I am dealing (as a Christian in Western Europe in a Syrian refugee situation) with a (perfectly nice) about-10-year old girl, who for now speaks almost only Arabic (which I don't). She is not having lunch and I'm by now pretty sure it is because of Ramadan. (She's also quite tired each day.)
Before I thought about Ramadan as an explanation, I tried to suggest to her repeatedly to eat or drink at lunchtime. Once she took some bare bread and once some pineapple compote, but otherwise she just smiles a bit shyly and shakes her head. I now no longer do that because I think it would be disrespectful to her culture and may cause harm in her family. I never see her parents, just two older sisters who are also at the very early stages of learning the local language (and perhaps also English for that matter). Lunchtime must be pretty tough on the girl, because lots of local kids are eating next to her.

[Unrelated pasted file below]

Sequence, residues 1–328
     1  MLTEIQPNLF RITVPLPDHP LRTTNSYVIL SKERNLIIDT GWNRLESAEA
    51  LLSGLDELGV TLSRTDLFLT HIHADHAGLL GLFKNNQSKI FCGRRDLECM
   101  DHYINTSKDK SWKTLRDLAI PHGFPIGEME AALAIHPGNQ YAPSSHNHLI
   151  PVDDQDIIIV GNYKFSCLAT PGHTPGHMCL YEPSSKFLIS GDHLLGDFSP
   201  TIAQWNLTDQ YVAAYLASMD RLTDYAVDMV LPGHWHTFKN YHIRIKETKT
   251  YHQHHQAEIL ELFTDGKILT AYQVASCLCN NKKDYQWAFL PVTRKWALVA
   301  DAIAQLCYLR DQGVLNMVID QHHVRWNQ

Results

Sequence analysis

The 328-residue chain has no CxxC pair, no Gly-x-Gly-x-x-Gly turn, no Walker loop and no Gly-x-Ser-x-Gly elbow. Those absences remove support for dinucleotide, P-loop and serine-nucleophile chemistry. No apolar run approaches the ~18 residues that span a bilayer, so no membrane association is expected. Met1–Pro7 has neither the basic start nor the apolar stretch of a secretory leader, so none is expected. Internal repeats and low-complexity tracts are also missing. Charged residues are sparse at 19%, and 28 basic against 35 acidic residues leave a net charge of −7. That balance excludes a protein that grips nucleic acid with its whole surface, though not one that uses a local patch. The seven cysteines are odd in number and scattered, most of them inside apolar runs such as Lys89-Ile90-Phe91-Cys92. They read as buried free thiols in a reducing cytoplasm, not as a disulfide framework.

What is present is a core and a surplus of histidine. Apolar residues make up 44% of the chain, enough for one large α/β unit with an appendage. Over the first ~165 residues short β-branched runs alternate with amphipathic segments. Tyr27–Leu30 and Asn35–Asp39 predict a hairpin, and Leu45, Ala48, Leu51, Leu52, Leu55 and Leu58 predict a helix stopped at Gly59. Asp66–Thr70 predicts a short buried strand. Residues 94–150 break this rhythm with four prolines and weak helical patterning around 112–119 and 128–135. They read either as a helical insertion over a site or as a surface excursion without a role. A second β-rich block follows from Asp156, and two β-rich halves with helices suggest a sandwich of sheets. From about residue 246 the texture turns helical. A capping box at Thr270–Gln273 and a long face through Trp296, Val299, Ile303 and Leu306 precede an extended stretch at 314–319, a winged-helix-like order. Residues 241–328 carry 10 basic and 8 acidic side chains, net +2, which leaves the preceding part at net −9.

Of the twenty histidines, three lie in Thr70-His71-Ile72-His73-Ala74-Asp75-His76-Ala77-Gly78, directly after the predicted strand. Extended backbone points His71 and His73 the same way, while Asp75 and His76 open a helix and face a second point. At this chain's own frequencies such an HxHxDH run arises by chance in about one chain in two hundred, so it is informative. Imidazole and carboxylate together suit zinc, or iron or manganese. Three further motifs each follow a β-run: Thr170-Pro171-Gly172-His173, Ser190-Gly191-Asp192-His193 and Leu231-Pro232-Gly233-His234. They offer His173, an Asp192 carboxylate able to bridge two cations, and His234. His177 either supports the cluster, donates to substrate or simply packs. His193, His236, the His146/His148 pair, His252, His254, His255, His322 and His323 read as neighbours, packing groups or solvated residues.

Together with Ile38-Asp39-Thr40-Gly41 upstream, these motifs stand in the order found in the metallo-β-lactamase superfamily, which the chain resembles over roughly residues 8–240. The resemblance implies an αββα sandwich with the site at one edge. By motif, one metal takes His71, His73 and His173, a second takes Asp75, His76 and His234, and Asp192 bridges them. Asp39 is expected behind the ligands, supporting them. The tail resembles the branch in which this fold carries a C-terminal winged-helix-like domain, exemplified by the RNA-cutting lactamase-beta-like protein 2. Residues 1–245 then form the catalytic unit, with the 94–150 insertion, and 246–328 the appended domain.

Here is my question (which I will put also to local adult Muslims when I get the chance): What, if anything, can one reasonably infer about the religious background and mindset of a family who teaches a young girl to observe Ramadan? (My understanding is the Quran says it's optional for the sick and for kids.) For instance: Is this considered a "normal" or "rather extreme" practice? Is this common in a certain area or sub-community?
P.S. It just came to mind that the same behavior was already present also last week, so perhaps Ramadan (which apparently began on June 6) and religion is not the (entire) reason after all.